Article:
During the 2012 presidential campaign, one of the most common questions about Mitt Romney was how he could serve as the Republican party's standard bearer when the party's biggest domestic policy priority was repealing Obamacare. After all, Romney has shepherded his own health care reform plan into law in Massachusetts during his time as the state's governor. That plan had served as the model for the national law, according to Obamacare's designers and top officials in the Obama administration.
Romney tried his best to distance himself from Obamacare by playing up distinctions between the Massachusetts plan and the federal law, and directing sharp criticism atthe president's plan. At one even giving an extended speech, with PowerPoint, contrasting the two plans, in which he forcefully rejected Obamacare, calling it a "government takeover of health care," an "economic nightmare," and a form of "big government."
His two-step defense of his own plan and attack of the federal plan never quite worked, and always felt a little bit grudging. While he never quite said it directly, he seemed to actually believe that both laws were essentially good ideas, and that the real problem with Obamacare wasn't really the law itself, but who was in charge of running it.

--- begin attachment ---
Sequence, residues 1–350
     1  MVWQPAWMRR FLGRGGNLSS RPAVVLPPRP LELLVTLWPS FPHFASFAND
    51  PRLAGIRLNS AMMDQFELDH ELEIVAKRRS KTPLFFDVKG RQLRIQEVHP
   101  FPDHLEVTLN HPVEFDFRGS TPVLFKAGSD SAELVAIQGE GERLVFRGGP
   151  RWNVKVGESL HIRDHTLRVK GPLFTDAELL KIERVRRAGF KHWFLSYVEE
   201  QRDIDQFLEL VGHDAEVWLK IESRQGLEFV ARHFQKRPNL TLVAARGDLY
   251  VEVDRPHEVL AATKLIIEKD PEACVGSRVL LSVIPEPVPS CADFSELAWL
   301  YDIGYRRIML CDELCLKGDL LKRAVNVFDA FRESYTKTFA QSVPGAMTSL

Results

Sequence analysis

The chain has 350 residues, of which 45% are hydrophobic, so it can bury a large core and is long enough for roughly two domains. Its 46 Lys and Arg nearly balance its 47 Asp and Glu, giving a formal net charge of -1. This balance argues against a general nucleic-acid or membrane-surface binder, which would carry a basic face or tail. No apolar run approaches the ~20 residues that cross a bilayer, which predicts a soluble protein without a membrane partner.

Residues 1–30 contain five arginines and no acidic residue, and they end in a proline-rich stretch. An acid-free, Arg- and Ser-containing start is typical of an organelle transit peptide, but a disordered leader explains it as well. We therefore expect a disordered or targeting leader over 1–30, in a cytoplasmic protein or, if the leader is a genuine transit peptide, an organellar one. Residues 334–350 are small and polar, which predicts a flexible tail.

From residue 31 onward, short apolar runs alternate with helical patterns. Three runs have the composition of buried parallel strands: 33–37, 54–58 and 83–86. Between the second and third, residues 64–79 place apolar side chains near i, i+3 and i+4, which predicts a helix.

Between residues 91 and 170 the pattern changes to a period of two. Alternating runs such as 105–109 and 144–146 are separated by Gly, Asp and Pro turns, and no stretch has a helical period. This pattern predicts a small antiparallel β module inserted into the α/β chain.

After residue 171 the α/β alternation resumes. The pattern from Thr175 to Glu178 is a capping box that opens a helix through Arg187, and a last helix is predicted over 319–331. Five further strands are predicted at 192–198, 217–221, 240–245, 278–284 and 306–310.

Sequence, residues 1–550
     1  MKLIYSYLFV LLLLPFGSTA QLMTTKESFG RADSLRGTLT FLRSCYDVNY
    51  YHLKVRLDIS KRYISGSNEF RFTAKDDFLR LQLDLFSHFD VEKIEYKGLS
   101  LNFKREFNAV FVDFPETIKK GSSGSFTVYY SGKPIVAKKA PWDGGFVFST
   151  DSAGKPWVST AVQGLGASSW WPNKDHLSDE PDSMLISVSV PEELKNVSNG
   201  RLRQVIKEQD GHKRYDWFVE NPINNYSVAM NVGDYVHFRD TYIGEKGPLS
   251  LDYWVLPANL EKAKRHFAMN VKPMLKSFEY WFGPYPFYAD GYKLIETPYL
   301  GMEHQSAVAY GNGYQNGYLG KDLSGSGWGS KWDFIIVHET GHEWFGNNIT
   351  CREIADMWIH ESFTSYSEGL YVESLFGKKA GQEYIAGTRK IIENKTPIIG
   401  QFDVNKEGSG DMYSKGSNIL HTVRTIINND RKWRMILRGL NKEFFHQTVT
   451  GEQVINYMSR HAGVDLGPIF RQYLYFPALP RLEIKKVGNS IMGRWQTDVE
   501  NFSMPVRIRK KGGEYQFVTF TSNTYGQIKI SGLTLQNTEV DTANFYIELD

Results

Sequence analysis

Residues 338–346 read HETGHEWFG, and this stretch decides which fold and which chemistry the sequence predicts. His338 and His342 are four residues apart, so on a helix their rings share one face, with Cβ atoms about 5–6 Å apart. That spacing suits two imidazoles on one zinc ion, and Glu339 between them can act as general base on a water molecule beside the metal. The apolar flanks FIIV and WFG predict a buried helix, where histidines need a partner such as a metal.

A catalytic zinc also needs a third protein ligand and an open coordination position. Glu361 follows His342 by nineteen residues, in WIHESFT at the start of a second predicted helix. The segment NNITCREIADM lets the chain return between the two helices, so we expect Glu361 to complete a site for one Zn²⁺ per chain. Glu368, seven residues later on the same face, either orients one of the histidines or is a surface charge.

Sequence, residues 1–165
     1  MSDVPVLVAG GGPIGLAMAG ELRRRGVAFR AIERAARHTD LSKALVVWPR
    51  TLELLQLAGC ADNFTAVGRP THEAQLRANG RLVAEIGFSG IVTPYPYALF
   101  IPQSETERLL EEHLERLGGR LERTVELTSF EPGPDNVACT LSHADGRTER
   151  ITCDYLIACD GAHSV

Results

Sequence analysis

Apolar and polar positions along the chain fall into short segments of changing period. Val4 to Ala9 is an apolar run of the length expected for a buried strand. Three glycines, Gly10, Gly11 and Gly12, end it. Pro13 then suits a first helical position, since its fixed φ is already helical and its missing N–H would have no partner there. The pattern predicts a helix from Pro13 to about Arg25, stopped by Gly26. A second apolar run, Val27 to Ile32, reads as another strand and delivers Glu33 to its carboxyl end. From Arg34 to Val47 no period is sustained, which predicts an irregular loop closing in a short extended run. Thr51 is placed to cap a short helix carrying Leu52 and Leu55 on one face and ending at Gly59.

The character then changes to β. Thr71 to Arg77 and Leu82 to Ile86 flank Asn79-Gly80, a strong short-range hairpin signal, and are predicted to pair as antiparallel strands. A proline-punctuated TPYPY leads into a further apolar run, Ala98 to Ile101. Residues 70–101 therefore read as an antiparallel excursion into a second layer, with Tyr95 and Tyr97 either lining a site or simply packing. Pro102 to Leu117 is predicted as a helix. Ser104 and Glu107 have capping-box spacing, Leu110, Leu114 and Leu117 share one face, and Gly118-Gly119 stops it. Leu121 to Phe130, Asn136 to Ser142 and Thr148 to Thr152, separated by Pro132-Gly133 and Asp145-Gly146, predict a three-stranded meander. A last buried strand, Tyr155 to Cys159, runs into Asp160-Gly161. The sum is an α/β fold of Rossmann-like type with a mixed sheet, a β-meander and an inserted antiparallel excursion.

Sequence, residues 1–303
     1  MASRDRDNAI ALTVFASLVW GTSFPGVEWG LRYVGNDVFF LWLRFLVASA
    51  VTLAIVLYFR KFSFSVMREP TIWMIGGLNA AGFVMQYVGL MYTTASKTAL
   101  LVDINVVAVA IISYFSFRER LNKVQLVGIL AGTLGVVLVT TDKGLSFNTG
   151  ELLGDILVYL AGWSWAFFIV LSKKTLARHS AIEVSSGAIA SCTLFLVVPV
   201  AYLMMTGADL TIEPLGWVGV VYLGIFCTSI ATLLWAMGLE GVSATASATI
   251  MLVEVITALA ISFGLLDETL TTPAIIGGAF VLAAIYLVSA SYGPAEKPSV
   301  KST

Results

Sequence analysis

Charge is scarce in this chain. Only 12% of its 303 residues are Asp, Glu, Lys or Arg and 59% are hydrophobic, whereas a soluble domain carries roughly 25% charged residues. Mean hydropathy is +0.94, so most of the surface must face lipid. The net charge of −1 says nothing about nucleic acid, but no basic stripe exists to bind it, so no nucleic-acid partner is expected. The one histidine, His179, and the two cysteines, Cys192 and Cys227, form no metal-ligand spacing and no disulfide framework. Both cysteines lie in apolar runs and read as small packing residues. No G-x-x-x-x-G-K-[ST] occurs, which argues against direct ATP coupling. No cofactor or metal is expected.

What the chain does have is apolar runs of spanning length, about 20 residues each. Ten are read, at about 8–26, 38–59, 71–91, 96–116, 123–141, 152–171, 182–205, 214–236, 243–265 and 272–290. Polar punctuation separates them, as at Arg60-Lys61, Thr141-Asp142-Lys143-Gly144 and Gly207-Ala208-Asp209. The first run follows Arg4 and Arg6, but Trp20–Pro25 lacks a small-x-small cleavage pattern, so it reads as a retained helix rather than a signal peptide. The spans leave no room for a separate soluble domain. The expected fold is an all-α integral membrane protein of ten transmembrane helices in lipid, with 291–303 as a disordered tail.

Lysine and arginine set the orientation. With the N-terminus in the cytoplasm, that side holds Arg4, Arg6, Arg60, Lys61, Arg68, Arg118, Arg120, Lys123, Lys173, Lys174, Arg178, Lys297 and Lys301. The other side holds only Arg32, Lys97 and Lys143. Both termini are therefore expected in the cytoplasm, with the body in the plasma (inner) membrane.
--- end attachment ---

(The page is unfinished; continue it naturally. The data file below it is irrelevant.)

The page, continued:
These days, Romney, who briefly considered another presidential run earlier this year, is more inclined to be clear about his opinion. Speaking at a funeral for Thomas Stemberg, a Romney supporter and founder of the Staples office supply chain, Romney praised Stemberg's push for the Massachusetts law and tied it directly to the federal health care overhaul. Via The Boston Globe:
Romney also credited Mr. Stemberg with persuading him to push for health care reform in Massachusetts when he was governor.
Romney said that shortly after he was elected, Mr. Stemberg asked him why he ran for governor. Romney said he told him that he wanted to help people, and Mr. Stemberg replied that if he really wanted to help, he should give everyone access to health care, which Romney said he hadn't really considered before.
"Without Tom pushing it, I don't think we would have had Romneycare," Romney said. "Without Romneycare, I don't think we would have Obamacare. So, without Tom a lot of people wouldn't have health insurance."
By connecting the Massachusetts law with the federal law, Romney is implicitly giving himself credit for Obamacare, and in the process confirming that his previous criticisms of the president's health law were as strained as cynical as they appeared to be.